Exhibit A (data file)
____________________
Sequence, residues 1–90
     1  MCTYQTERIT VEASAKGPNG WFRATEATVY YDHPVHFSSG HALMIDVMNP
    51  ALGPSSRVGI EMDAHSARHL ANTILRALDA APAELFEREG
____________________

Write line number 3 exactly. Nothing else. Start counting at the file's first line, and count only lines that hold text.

    51  ALGPSSRVGI EMDAHSARHL ANTILRALDA APAELFEREG